DISCLOSURE: Noelle Copeland RDH is an Oral Care Specialist and Dental Consultant who provides content for Brilliant Oral Care and Baby Buddy.
Diabetes affects the body and its ability to process sugar. The food we eat is converted into glucose (sugar) and used for energy by every cell in the body. In Type I diabetes, the body doesn’t make enough insulin, a hormone that carries glucose from our blood to the cells that need it for energy. In Type II diabetes, the body stops responding to insulin. Both Type 1 and Type 2 diabetes result in high blood sugar levels, which can cause problems with the eyes, nerves, kidneys, heart, and other parts of the body, including the mouth.
Estimates show that diabetes affects over 30 million Americans and worldwide over 400 million people. Evidence throughout the world suggests that having diabetes in any capacity increases your risk of developing periodontal disease. Inflammation plays a significant connection piece between diabetes and periodontal disease. Inflammation is a known cause of insulin resistance. Therefore, chronic periodontal disease can increase insulin resistance and worsen glycemic control when left untreated because it causes significant inflammation in the mouth.
In essence, diabetes can cause oral disease, and oral infection can make treating diabetes more complex and challenging.
One of the side effects often experienced by people with diabetes is xerostomia (dry mouth). This can be due to several factors, including medications, autoimmunity, smoking, aging, salivary gland dysfunction, stress, anxiety, or medical procedures like chemotherapy and radiation. In addition, with increased blood glucose levels, people living with diabetes may have more glucose in their saliva and feel thirsty often.
Our saliva is very protective and a vital necessity for oral health. Lack of saliva causes a significant increase in plaque accumulation, caries (especially root caries), oral pain and discomfort, difficulty swallowing and eating, and makes periodontal disease almost inevitable if left untreated.
Xylitol increases salivation and raises a falling oral pH to a neutral range within a few minutes of consumption. Saliva that has Xylitol in it is more alkaline than saliva stimulated by other products without Xylitol. When oral pH is above 7, calcium and phosphate salts in saliva start to move into the vulnerable parts of the enamel. This means soft, calcium-deficient enamel sites begin to harden again, remineralizing the tooth.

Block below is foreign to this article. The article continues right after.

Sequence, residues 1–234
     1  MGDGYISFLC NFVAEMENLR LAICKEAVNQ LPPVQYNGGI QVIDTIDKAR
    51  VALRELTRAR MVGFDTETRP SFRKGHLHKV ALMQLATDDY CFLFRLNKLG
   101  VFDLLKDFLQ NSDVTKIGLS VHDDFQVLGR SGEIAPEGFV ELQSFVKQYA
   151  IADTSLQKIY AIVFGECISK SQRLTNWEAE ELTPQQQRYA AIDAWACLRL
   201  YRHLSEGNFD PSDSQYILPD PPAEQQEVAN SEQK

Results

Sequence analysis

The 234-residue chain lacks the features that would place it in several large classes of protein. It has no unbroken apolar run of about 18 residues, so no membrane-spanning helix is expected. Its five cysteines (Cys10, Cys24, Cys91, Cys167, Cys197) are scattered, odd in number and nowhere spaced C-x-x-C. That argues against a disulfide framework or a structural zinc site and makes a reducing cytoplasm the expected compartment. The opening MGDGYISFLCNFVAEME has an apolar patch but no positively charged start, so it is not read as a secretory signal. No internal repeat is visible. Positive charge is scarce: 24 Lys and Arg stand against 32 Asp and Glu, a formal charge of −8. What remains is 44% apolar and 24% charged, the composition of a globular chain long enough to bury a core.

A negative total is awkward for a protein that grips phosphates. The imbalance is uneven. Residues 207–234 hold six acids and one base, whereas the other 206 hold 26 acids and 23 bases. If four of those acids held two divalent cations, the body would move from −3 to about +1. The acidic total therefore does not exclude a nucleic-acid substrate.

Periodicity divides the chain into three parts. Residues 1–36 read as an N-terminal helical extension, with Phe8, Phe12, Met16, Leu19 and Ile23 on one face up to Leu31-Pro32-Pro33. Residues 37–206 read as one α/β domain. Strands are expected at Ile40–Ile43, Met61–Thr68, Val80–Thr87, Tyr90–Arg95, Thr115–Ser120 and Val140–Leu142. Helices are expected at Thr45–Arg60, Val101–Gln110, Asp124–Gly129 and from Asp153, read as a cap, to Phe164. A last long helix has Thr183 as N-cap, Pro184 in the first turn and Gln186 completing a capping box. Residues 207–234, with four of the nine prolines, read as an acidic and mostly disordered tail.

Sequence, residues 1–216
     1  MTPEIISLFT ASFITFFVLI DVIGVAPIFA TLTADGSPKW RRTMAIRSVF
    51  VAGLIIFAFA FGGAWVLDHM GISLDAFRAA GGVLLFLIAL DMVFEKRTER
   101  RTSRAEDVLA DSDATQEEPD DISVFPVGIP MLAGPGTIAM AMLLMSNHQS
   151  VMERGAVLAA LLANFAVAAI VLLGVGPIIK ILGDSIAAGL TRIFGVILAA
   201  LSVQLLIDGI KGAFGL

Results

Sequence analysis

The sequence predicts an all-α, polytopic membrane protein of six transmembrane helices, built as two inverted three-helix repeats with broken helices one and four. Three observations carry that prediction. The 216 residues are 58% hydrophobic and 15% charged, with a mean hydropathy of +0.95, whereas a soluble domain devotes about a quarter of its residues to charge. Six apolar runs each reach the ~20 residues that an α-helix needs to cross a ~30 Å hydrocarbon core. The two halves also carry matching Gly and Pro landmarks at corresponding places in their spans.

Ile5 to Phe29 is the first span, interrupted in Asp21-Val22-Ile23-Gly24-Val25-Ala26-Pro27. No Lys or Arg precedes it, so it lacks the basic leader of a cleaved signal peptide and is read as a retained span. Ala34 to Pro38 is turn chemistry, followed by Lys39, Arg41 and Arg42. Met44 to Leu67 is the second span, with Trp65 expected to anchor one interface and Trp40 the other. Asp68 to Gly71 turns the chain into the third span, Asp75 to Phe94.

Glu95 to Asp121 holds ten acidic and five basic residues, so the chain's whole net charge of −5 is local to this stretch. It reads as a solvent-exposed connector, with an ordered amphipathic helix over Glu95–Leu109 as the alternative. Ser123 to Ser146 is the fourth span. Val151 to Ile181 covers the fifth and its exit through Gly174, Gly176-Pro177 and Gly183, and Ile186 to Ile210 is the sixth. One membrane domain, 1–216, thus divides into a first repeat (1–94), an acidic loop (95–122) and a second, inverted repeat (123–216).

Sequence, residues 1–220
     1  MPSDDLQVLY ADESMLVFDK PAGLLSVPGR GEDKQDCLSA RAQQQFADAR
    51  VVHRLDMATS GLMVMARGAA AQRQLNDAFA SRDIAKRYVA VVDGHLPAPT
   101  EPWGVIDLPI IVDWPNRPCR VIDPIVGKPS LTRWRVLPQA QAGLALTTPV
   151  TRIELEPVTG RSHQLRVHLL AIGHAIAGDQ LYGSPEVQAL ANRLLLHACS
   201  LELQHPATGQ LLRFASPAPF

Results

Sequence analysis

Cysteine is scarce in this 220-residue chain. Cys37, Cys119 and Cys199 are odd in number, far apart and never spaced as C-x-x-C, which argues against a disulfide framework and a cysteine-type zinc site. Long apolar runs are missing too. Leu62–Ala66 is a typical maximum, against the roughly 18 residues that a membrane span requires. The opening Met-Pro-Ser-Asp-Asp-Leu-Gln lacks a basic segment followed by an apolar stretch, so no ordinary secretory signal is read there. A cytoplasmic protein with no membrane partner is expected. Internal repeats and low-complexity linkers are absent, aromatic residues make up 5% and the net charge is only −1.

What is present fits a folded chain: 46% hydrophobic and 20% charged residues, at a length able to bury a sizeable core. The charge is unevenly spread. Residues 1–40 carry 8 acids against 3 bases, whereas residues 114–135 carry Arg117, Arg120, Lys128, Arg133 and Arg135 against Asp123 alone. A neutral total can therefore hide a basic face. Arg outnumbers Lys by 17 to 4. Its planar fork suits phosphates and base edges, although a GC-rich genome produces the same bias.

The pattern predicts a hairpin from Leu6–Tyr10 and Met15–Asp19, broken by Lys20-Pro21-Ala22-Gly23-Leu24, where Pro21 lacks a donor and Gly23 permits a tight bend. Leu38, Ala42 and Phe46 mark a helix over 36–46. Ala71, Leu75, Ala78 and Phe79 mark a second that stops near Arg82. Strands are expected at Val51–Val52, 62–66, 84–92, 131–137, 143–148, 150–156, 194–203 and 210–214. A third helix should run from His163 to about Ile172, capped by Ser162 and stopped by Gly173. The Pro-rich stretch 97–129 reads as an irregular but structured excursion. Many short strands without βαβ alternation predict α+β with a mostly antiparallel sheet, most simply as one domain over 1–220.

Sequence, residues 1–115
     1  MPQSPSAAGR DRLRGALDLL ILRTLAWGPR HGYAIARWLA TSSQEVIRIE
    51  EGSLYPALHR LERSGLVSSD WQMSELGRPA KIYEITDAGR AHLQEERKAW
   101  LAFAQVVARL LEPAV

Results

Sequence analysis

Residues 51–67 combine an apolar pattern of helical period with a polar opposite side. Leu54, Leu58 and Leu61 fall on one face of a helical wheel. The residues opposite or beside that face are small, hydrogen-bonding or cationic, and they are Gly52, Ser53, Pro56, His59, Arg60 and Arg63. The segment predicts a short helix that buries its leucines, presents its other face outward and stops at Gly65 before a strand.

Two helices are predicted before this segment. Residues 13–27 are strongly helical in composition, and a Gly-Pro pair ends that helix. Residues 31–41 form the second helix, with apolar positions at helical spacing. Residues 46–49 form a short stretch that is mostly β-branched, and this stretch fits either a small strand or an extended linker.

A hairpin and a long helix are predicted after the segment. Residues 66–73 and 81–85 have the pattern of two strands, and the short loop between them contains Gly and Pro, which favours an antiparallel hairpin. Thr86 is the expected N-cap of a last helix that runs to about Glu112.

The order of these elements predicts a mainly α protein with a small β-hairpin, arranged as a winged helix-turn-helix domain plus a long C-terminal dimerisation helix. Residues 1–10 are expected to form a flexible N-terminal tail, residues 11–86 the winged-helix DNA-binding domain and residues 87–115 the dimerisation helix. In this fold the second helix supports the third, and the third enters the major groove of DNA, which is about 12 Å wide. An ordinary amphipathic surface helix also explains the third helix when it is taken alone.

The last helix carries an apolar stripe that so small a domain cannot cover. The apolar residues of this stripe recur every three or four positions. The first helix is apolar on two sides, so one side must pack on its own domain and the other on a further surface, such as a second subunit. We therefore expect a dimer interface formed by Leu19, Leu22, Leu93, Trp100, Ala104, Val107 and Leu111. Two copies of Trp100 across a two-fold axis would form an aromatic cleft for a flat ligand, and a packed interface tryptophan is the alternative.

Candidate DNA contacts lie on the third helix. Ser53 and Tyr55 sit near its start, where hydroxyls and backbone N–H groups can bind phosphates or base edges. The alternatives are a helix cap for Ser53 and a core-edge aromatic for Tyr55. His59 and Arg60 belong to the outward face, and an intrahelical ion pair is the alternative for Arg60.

Xylitol also helps fight the yeast Candida albicans, reducing its ability to stick to a surface and cause infection. A chronically dry mouth can breed a rapid yeast infection quite fast, and it is more challenging to treat an oral yeast infection than it is to prevent it. Saliva also fights cavities by washing away food debris and restoring Ph balance.
Although having some plaque on the teeth is normal, when it gets excessive, our immune system starts attacking the bacteria living in the plaque by causing inflammation in the gum tissues, leading to gingivitis and periodontal disease. Therefore, from a dental point of view, the role of Xylitol as a stabilizer of salivary calcium and phosphate ions is significant for people with diabetes.
When properly used, Xylitol may help reduce the incidence of tooth decay while increasing saliva production.
The connection between oral health and systemic health is intricate, affecting one another directly and indirectly. For example, bacteria in the mouth can enter the bloodstream and cause disease or complicate immunocompromised persons already dealing with a disease or medical illness.
How you brush your teeth matters, maybe even more so than how much. Brushing your teeth with the proper technique is probably the most crucial detail in an effective home care routine, but the timing of your brushing routine is the second most important!
I think electric toothbrushes are an excellent choice for people with diabetes. Since people with diabetes struggle with dry mouth, they also struggle with higher indices of plaque accumulation, higher rates of gingivitis, and periodontal disease. So it just makes sense that their gums and teeth would benefit a lot from the lavage, vibrations, and dual cleaning provided by an electrically powered toothbrush.
Rechargeable electric toothbrushes are the best option when it comes to power and vibrations per minute. This means they remove more plaque, bacteria and provide more therapeutically to the mouth. Some of the benefits that come with purchasing a more expensive rechargeable electric toothbrush are:
An electric toothbrush with a 20K-50K frequency range is considered a high-frequency toothbrush and should be used by guiding it over the teeth. You are just driving the brush around the mouth. It’s so powerful that you don’t need any pressure or scrubbing motions to move the bristles back and forth to remove plaque; the high frequency drives the bristles for you, so all you have to do is get the brush in your mouth and aim it correctly. I think this makes it an excellent option for diabetic patients that struggle with oral care. Greater caution is required with high-frequency designs as they are easier to misuse and can cause gum tissue recession and sensitivity.
Things to consider
Be sure to check out our selection of specialty toothbrushes for those with special needs. This includes our toothbrush for sensitive gums and teeth, which we call the “special soft” brush for special circumstances.
Finding the best toothbrush for sensitive gums doesn’t have to be difficult. When oral health and systemic health are balanced, so are the rest of the body. #BRUSHBRILLIANT
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